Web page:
Heard about the chief executive who’s confident that his organisation has 24x7 IT support, but doesn’t realise that this relies on one of two key people answering their phone at 2am if something goes wrong?
Or the CIO who wondered why his IT improvement programme wasn’t improving reliability – until he discovered that projects were signed off when software had been installed, rather than when it was actually being used to improve performance?
These are just two of the examples we’ve come across which illustrate the growing gulf between ‘techies’ and senior management, particularly in medium sized organisations. There are problems on both sides of the divide.
In many organisations, tight budgets have meant that those with strategic skills have been squeezed out and the entire IT department is focused on keeping the existing infrastructure running. Many IT leaders simply don’t have the time to step back from operations and think strategically, or the expertise and vision to plan several years ahead. There is no-one who can explain to non-technical directors why they need specific resources and the risk to the business if certain things are not done.
Meanwhile senior managers frequently have unrealistic expectations of IT change. Without an understanding of the size and scope of their existing estate, they expect change to be much faster and don’t realise the issue involved in replacing legacy systems. Like turning an oil tanker, it takes time to change IT infrastructure, and the risks have to be evaluated carefully against the potential benefits.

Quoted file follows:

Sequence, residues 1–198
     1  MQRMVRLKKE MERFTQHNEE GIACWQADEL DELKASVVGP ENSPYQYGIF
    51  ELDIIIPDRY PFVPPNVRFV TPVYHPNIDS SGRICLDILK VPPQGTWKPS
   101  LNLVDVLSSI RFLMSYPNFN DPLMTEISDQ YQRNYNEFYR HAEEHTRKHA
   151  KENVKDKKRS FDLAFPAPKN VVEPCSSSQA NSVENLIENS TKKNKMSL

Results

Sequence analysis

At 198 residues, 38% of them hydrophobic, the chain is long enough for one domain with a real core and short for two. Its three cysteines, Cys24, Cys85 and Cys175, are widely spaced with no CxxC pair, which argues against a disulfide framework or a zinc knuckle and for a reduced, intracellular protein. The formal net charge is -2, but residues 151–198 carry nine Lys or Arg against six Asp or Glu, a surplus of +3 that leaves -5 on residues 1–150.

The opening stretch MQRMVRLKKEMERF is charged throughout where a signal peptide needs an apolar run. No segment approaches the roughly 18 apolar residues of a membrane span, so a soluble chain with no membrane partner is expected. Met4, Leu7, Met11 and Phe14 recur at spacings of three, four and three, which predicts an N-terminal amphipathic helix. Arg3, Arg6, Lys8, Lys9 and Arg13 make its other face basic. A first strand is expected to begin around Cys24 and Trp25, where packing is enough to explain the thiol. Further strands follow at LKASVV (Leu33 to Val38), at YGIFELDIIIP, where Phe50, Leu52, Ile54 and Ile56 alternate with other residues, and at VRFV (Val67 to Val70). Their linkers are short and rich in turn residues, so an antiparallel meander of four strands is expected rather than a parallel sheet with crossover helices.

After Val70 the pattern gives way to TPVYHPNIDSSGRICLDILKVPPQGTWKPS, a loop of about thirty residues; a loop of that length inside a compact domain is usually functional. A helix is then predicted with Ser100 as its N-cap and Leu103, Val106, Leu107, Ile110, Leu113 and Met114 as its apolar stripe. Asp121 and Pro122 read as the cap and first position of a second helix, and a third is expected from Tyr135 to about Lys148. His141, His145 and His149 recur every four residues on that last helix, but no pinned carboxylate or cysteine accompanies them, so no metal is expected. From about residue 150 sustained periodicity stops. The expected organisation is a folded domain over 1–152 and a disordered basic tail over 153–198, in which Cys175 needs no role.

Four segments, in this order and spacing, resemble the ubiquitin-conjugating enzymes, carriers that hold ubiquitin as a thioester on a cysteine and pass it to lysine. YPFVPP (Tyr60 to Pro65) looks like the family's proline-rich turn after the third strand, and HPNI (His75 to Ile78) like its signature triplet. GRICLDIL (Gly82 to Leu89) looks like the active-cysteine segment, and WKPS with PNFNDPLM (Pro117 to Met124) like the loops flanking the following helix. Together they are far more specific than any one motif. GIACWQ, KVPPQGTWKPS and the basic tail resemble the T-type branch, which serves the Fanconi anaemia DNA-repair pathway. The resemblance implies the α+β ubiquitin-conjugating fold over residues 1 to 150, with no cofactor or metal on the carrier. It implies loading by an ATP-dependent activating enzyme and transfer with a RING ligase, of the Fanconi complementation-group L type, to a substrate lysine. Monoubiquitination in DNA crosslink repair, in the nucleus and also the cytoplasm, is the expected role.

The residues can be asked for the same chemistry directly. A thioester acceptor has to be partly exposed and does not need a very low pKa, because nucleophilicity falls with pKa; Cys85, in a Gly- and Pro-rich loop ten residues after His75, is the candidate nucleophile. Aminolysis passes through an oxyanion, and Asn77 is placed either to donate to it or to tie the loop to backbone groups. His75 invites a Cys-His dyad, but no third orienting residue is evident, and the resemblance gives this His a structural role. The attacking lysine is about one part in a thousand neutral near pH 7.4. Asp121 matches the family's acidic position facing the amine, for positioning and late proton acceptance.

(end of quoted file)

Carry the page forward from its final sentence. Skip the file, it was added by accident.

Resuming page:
The problem becomes worse as organisations employ chief digital officers who may not have used many of the systems on which their organisation depends, but rely on them to do their job. So is the IT strategist becoming an endangered species?
I believe the most senior IT person in an organisation has three roles, which in larger organisations are now being formally separated:
- Keep the organisational IT service running efficiently and effectively (Head of IT)
- Lead and assist business improvement and transformation, as most involve process or information digitisation (Chief Digital Officer/Head of Transformation)
- Provide insight and value to make better business decisions and potentially provide new products and services (‘true’ CIO).
How are medium-sized organisations tackling this, if they no longer have the strategic skills in-house or the time to think strategically? We’ve seen several different solutions work effectively.
Some organisations employ a part-time or interim CIO who is one step removed from day to day operations and can provide the strategic insights and vision to take the business forward. Others turn to a trusted third party to help them develop their roadmap for the future, or to review and validate their decisions. Such independent advice can be invaluable even for an experienced CIO.
A third solution is for the in-house IT team to focus on strategy, policy and bespoke applications, and to buy in core services, technical support and administration from third parties on an as-needed basis. With everything from infrastructure to software now available as a service, the CIO can become much more of a business role, managing risk and looking for new ways to use technology to gain competitive advantage.
Fordway is currently supporting all of these scenarios: using our experience to be a strategic advisor; providing experts to validate specific decisions and advise on best practice; and providing technical support from our 24x7 Helpdesk. If you’d like a chat with one of our experienced consultants, please get in touch.
There’s no one size fits all, and the issue is further complicated by the ‘d’ word – digital transformation. We’ll look at how to tackle this in our next blog.